A disorganized, compromised, disjointed government on top. An utterly demoralized army. Dissatisfaction, uncertainty and fear among the propertied classes. At the hot-torn [?], among the masses, a deep bitterness. A proletariat numerically stronger than ever, hardened in the fire of events. All this warrants the statement that we are witnessing the beginning of the Second Russian Revolution. Let us hope that many of us will be its participants.



Two Faces

Nicholas has been dethroned, and according to some information, is under arrest. The most conspicuous Black Hundred leaders have been arrested. Some of the most hated have been killed. A new Ministry has been formed consisting of Octobrists, Liberals and the Radical Kerensky. A general amnesty has been proclaimed.

Let us examine more closely what is going on.

Nicholas has been dethroned, and according to some information, is under arrest. The most conspicuous Black Hundred leaders have been arrested. Some of the most hated have been killed. A new Ministry has been formed consisting of Octobrists, Liberals and the Radical Kerensky. A general amnesty has been proclaimed.

All these are facts, big facts. These are the facts that strike the outer world most. Changes in the higher government give the bourgeoisie of Europe and America an occasion to say that the revolution has won and is now completed.

The Tzar and his Black Hundred fought for their power, for this alone. The war, the imperialistic plans of the Russian bourgeoisie, the interests of the Allies, were of minor importance to the Tzar and his clique. They were ready at any moment to conclude peace with the Hohenzollerns and Hapsburgs, to free their most loyal regiment for war against their own people.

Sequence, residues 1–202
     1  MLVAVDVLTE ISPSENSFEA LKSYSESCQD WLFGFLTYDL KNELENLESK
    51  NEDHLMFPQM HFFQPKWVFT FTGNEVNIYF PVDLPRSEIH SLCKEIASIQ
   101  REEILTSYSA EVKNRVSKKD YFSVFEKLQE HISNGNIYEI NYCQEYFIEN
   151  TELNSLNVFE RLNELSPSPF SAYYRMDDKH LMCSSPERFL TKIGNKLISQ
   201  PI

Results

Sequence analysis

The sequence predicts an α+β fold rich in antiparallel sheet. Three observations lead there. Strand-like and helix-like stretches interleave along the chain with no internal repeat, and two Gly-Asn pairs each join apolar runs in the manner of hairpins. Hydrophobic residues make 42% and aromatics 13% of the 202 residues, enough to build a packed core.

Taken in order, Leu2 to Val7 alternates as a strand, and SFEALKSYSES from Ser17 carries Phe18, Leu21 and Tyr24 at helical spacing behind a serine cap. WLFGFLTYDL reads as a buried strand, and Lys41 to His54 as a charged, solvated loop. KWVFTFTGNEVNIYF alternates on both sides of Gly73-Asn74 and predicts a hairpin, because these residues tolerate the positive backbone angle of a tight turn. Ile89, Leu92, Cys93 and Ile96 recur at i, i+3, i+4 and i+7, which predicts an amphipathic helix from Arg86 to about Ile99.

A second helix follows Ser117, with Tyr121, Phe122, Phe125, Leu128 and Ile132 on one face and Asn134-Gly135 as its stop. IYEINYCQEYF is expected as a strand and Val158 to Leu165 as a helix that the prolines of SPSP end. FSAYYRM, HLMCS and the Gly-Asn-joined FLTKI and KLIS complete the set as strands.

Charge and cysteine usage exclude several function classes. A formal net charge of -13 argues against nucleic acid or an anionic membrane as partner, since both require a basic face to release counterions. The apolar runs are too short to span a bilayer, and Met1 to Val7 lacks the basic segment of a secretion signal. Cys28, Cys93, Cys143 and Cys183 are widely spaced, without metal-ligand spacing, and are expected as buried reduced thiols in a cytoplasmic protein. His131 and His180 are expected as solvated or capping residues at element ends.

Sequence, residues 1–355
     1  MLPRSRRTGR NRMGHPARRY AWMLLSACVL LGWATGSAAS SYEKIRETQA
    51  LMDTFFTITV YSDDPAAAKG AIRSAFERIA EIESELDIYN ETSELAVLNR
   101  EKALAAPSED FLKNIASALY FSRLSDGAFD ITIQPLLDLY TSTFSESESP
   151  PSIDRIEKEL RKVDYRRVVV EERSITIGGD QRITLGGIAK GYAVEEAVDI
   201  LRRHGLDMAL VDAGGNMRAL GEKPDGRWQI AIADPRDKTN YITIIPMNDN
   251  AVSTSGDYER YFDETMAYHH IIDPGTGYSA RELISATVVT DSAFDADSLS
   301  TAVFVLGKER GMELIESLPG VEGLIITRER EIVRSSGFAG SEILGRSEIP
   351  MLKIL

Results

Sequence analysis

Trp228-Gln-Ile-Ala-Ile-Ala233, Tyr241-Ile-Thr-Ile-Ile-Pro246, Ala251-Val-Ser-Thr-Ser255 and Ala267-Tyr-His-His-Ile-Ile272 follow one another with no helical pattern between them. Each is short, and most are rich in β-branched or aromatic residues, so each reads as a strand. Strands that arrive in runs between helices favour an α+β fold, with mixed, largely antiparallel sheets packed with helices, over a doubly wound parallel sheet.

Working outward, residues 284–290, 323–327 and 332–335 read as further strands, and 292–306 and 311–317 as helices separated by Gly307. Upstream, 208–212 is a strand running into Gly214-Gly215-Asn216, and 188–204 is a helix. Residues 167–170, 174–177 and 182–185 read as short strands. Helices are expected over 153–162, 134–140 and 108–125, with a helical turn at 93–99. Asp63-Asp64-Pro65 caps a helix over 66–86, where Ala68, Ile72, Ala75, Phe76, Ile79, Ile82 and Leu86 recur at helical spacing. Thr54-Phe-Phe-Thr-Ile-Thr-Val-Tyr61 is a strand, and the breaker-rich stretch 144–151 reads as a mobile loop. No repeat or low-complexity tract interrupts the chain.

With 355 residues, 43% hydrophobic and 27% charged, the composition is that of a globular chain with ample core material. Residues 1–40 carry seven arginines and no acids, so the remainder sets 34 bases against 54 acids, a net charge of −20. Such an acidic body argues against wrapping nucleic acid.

The Progressive Bloc of the Duma mistrusted the Tzar and his Ministers. This Bloc consisted of various parties of the Russian bourgeoisie. The Bloc had two aims: one, to conduct the war to a victorious end; another, to secure internal reforms: more order, control, accounting. A victory is necessary for the Russian bourgeoisie to conquer markets, to increase their territories, to get rich. Reforms are necessary primarily to enable the Russian bourgeoisie to win the war.

The progressive imperialistic Bloc wanted peaceful reforms. The liberals intended to exert a Duma pressure on the monarchy and to keep it in check with the aid of the governments of Great Britain and France. They did not want a revolution. They knew that a revolution, bringing the working masses to the front, would be a menace to their domination, and primarily a menace to their imperialistic plans. The laboring masses, in the cities and in the villages, and even in the army itself, want peace. The liberals know it. This is why they have been enemies of the revolution all these years. A few months ago Milukov declared in the Duma: “If a revolution were necessary for victory, I would prefer no victory at all.”

Yet the liberals are now in power – through the Revolution. The bourgeois newspaper men see nothing but this fact. Milukov, already in his capacity as a Minister of Foreign Affairs, has declared that the revolution has been conducted in the name of a victory over the enemy, and that the new government has taken upon itself to continue the war to a victorious end. The New York Stock Exchange interpreted the Revolution in this specific sense. There are clever people both on the Stock Exchange and among the bourgeois newspaper men. Yet they are all amazingly stupid when they come to deal with mass-movements. They think that Milukov manages the revolution, in the same sense as they manage their banks or news offices. They see only the liberal governmental reflection of the unfolding events, they notice only the foam on the surface of the historical torrent.